Toy Companies Take Cyclical Dip with Competition from Apps and Video Games: A Wall Street Transcript Interview with Gerrick Johnson, an Analyst in BMO Capital Markets Corp.'s Equity Research Group

Wall Street Transcript

67 WALL STREET, New York - November 14, 2013 - The Wall Street Transcript has just published its Entertainment, Toys and Games Report offering a timely review of the sector to serious investors and industry executives. This special feature contains expert industry commentary through in-depth interviews with public company CEOs, Equity Analysts and Money Managers. The full issue is available by calling (212) 952-7433 or via The Wall Street Transcript Online.

Topics covered: Brick-And-Mortar Versus Online Retail Sales - Cautious Consumer Spending - International Paid Television Growth - Digital Advertisement Trends - Mobile Device Gaming Prospects - Toy Company Competition

Companies include: Mattel Inc. (MAT), Hasbro Inc. (HAS), LeapFrog Enterprises Inc. (LF), JAKKS Pacific Inc. (JAKK), Harley-Davidson, Inc. (HOG), Polaris Industries, Inc. (PII), Thor Industries Inc. (THO) and many others.

In the following excerpt from the Entertainment, Toys and Games Report, an experienced hard goods toy and leisure products analyst discusses the outlook for the sector for investors:

TWST: Is your coverage in the entertainment space the game subsector?

Mr. Johnson: Yes, I cover toys and physical games. I do not cover video games.

TWST: How have video games and electronic games in general impacted the physical game space?

Mr. Johnson: More than video games, tablets and smartphones and their apps have had an impact on this market. We are living in the era of free apps, so the consumption of that product for a child is pretty inexpensive, especially if parents have an old iPad to hand down, they disconnect the cellular and make it Wi-Fi enabled and download some free apps for the kids to play. That will change over time, because I don't think there are many companies making money by distributing free apps or $0.99 apps. So over time, apps are going to become more expensive, and when they do, you might see that trend change somewhat. Right now, the tablet app games are pretty novel, so that is also going to wear off eventually. But for right now, the apps are definitely having an impact.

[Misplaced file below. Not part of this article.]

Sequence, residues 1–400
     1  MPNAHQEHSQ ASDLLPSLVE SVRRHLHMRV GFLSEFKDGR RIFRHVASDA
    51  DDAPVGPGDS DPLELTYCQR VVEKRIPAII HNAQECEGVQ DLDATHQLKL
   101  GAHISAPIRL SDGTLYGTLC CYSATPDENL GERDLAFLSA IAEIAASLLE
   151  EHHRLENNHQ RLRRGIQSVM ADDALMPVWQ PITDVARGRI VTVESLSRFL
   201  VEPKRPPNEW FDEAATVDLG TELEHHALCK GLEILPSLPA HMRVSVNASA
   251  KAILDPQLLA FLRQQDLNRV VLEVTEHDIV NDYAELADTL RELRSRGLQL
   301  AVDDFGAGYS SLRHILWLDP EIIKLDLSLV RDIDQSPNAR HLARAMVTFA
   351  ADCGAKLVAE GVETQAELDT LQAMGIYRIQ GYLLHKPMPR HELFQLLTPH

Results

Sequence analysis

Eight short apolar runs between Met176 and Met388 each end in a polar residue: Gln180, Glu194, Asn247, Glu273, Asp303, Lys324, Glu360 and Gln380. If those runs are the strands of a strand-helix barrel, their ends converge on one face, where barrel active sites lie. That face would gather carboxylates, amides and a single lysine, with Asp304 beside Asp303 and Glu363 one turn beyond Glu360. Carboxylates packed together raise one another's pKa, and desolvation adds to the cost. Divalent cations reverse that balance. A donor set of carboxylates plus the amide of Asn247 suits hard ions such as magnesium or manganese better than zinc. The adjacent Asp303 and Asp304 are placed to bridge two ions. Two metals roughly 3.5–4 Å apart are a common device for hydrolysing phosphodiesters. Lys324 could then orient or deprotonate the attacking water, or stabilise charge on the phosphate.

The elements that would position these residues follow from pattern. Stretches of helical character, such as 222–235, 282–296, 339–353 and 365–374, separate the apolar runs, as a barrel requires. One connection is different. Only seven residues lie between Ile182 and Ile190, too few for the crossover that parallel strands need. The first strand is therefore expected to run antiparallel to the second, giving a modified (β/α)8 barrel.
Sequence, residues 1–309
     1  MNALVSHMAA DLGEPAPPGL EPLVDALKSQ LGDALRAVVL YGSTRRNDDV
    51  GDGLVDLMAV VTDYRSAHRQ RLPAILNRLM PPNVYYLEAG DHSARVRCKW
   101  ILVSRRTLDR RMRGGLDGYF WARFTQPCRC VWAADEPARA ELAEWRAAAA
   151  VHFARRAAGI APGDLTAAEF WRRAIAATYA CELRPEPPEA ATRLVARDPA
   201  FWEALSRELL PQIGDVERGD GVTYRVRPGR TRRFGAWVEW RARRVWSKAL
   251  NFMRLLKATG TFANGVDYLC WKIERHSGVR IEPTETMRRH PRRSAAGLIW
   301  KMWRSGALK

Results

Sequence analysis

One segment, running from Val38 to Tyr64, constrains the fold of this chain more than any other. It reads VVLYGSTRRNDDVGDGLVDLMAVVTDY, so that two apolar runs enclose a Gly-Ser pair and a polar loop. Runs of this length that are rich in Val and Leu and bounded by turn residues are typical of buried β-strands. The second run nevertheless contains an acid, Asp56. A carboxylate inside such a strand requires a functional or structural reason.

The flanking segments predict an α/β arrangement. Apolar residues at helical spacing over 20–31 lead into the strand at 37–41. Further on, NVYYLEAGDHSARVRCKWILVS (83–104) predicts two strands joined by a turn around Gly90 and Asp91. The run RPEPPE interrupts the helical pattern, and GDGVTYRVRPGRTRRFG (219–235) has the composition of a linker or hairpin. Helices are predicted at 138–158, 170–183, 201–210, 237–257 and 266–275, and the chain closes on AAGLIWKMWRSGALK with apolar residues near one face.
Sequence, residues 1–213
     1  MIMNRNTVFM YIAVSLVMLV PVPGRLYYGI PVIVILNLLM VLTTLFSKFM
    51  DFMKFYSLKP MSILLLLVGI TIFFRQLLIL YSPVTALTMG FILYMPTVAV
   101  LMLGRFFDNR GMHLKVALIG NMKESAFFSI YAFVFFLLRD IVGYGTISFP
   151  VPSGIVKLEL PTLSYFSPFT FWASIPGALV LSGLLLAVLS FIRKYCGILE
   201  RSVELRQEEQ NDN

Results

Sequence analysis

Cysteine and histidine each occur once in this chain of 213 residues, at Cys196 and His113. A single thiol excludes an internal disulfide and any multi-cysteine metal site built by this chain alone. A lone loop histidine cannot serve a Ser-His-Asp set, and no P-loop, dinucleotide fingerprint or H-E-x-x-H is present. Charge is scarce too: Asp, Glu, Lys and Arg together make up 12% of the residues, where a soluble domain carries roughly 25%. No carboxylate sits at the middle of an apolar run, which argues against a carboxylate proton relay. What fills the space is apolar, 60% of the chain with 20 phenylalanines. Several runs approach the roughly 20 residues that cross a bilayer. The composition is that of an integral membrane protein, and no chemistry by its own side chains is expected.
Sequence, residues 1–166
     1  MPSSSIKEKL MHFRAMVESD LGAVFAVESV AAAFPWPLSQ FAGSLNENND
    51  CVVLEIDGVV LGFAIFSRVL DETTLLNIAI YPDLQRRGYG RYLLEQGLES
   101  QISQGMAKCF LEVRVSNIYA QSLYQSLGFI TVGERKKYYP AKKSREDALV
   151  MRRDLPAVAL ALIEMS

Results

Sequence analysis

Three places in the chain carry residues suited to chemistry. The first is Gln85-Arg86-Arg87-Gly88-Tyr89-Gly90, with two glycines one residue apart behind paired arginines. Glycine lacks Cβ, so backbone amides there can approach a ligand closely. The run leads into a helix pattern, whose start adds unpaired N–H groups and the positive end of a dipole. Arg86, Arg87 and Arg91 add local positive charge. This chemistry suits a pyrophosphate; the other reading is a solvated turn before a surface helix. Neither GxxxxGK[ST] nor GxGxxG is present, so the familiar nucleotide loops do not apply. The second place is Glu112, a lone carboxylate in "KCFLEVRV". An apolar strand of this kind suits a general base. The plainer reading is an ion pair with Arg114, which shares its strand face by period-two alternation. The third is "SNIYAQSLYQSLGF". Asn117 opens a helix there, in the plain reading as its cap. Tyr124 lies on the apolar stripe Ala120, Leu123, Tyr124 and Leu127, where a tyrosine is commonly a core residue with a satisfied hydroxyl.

We also expect to see some impact when the new Xbox and Playstation consoles come out late next month. If you ask an 8-year-old boy if he would rather play a physical game or the new video game, he's likely going to pick the video game. For Christmas, if you tell that same boy he can have several smaller items on his wish list plus one big item, this year they are likely to pick that PlayStation or Xbox One rather than a physical toy or game.

TWST: Within the physical toys and games, what types of products do continue to have traction?

Mr. Johnson: The hottest category right now in girls is fashion dolls, and that's piggybacking on the success of Monster High. Barbie has been a little bit soft, but you have a lot of new brands. In the past, it's been very difficult for new brands to break into fashion dolls with Barbie's dominant position, but now you have a lot of new and innovative fashion dolls in that segment, whether it be Pinkie Cooper or Equestria Girls or Novi Star; you've got Monster High, Ever After High. So you've got a lot of innovation and a lot of creativity in fashion dolls.

The boys segment is a little more difficult. Action figures and anything related to the super heroes are pretty soft. Lego is still very, very strong, but that growth rate is decelerating quickly...

For more of this interview and many others visit the Wall Street Transcript - a unique service for investors and industry researchers - providing fresh commentary and insight through verbatim interviews with CEOs, portfolio managers and research analysts. This special issue is available by calling (212) 952-7433 or via The Wall Street Transcript Online.

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